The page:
III. Mediation & Alternative Dispute Resolution

 

“All family law cases that involve a dispute over legal decision-making or parenting time are subject to mediation or other alternative dispute resolution (“ADR”) process under local rules.” Ariz. R. Fam. L. Pro. 68(c). If there is a legal decision-making or parenting time dispute, either or both parties may file a motion or request for mediation or ADR services or the court may order ADR on its own motion. See Ariz. R. Fam. L. Pro. 68(c)(1).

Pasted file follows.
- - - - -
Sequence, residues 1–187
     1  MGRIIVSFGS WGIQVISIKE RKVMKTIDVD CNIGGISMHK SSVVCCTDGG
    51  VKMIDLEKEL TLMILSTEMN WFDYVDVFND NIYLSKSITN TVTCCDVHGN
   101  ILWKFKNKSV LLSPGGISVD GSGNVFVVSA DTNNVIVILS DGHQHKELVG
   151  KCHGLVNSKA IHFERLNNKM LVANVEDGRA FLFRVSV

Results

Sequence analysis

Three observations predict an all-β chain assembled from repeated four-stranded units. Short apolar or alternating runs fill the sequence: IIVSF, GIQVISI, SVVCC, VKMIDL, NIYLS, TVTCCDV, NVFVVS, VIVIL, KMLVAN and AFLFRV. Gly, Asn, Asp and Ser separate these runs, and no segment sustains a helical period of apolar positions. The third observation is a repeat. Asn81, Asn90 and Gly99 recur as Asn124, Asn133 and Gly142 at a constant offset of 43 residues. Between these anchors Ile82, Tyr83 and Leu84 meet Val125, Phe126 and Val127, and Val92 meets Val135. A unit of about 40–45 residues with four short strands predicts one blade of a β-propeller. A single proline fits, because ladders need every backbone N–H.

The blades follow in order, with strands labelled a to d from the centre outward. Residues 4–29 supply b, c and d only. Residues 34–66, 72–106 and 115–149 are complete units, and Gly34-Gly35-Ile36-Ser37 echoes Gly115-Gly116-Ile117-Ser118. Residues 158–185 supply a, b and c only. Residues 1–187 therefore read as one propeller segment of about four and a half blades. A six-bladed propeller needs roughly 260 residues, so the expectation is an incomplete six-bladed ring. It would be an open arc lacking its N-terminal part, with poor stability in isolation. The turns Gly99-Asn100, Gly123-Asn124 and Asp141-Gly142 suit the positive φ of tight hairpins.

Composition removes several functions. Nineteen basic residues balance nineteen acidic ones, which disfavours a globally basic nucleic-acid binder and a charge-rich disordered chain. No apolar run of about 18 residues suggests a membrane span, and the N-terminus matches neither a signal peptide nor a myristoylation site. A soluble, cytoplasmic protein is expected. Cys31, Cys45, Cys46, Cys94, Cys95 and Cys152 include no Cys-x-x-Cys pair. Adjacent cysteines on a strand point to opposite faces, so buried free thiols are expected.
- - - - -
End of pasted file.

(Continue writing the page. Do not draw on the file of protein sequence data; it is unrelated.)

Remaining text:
However, “[u]nless the parties agree to private mediation under Rule 67.3, the court must determine whether mediation or ADR services are appropriate in a particular case.” Ariz. R. Fam. L. Pro. 68(c). Additionally, either “[t]he court or conciliation services may deem mediation inappropriate for reasons such as parental unfitness, substance abuse, mental incapacity, domestic violence, or other good cause.” Id. “Conciliation services must reject for mediation or terminate mediation in any case if the mediator deems mediation is inappropriate because of domestic violence.” Ariz. R. Fam. L. Pro. 68(c)(2)(C).